The constructive matrix is not concealed, but revealed, even finished and treated as complete. Yet the functional element remains. The dual presence of the functional workhorse element, and its whitewashed, sanded, finished beauty is slightly disorienting, providing both a handmade and yet highly crafted sensation to the viewer. But the uncanny continues, for upon closer inspection, the homey and familiar 2 x 6 is revealed not to be solid stacks of 2 x 6â&#x20AC;&#x2122;s but connected finger-jointed 2 x 6â&#x20AC;&#x2122;s that are joined almost randomly together, to create large surfaces of wall, ceilings and floors. Like paper, they are pressed together with no visible connections, simply wrapping volumes. Their structural presence is connoted through their obvious weight and a vertical reliance on gravity, but as their thickness is concealed, and their structural connections are concealed except in rare places in the house, their primary purpose as structure is largely invisible. The subtle wash of white-diluted paint and a matte UV clearcoat, further provide layers of reflections that both subdue and intensify the natural properties of the wood. One experiences the CLTHouse and its CLT panels both as an intense immersion into a natural environment, coupled with the subtle clues of its intensely fabricated and constructed nature. Both the natural and the constructed are perceived - both exaggerated - to create experiences of Brownellâ&#x20AC;&#x2122;s hypernatural. As our reliance on the purely natural diminishes through increasing environmental challenges, the use of CLT helps insure the longevity of our relationship to wood by creating a constructed materiality, while not altering its essential emotive qualities as a natural material.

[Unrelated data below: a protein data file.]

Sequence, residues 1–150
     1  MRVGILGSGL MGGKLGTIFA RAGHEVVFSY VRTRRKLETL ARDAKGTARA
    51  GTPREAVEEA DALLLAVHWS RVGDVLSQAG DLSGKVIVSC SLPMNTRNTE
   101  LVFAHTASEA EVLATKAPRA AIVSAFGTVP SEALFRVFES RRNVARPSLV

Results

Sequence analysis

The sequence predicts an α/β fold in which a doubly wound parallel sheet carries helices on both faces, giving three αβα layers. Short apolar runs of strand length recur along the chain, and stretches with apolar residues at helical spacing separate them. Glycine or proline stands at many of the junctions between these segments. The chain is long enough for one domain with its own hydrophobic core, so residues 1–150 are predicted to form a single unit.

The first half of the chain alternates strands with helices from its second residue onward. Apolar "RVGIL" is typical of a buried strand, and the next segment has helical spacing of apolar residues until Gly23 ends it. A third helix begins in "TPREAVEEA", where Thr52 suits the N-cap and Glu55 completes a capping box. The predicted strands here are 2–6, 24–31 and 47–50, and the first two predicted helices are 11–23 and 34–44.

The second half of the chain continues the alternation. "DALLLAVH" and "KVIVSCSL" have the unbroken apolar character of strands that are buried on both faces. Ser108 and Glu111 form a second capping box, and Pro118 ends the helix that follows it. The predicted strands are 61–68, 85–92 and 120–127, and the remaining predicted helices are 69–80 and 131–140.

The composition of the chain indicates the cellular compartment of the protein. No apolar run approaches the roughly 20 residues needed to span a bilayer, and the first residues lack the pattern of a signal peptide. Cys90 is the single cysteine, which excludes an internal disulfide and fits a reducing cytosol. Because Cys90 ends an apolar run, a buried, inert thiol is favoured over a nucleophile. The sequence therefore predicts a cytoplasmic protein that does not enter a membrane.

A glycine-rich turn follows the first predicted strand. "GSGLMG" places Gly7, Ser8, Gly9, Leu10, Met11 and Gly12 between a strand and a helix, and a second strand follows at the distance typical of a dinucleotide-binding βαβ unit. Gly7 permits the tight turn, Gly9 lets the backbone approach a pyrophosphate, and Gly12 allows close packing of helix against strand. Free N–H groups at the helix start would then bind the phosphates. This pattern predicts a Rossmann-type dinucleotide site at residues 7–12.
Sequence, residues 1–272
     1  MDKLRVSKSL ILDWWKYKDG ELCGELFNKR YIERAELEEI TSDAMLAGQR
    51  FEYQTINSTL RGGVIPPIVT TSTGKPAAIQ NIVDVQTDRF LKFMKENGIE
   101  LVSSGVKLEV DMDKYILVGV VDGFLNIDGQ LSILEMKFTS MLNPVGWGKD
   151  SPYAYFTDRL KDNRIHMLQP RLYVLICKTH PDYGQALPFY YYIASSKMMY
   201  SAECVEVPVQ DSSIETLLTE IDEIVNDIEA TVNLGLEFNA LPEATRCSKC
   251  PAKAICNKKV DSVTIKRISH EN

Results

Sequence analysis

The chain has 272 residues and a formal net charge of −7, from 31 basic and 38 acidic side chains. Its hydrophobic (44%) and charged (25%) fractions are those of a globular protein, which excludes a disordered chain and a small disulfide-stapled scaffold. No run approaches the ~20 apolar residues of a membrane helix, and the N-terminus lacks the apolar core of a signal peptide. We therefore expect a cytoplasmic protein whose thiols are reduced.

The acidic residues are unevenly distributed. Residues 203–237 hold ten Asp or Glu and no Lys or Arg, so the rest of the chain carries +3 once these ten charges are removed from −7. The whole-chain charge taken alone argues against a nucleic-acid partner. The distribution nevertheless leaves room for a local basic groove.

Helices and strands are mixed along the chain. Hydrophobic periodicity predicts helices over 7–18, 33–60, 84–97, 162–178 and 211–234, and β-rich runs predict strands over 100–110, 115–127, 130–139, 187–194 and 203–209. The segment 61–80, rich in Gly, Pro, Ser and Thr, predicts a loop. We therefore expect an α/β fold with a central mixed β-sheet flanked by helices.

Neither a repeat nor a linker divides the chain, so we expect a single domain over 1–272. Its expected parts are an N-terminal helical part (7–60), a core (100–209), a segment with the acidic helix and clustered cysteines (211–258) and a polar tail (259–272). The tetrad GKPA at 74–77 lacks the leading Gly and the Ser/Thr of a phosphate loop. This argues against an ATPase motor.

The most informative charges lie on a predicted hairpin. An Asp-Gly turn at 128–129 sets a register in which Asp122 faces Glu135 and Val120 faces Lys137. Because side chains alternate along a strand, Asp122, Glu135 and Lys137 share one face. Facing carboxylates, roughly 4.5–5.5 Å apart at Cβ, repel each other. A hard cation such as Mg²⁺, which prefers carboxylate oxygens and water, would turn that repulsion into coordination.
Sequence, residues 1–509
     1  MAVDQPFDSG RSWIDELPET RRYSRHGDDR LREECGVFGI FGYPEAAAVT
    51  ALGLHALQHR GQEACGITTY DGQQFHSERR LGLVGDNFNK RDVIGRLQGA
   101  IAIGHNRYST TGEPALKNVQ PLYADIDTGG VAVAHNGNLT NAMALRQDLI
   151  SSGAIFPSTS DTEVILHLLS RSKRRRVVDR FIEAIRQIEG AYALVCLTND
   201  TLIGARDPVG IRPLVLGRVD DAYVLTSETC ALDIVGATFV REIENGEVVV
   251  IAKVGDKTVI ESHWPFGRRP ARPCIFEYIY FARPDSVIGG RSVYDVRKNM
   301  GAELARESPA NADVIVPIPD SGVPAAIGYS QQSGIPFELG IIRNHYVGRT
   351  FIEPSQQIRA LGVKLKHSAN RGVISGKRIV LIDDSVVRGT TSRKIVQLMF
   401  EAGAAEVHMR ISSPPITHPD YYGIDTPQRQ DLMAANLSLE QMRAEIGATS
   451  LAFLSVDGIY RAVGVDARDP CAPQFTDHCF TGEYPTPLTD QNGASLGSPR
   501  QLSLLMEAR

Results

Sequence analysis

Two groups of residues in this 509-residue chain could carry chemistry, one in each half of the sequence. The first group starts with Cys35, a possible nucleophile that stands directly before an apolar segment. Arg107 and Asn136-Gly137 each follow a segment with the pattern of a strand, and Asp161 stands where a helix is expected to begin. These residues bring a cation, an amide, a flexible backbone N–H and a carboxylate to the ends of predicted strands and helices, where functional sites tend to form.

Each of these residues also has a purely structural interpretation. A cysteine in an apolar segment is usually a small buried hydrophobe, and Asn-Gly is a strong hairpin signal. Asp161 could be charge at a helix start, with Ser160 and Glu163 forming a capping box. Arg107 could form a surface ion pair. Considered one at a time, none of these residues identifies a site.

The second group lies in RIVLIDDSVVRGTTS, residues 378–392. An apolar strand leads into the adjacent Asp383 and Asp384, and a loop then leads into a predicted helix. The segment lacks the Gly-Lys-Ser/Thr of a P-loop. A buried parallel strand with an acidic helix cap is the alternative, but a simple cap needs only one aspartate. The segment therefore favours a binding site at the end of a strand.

CLTHouse construction photos Courtesy atelierjones CLTHOUSE 2011 - 1015 67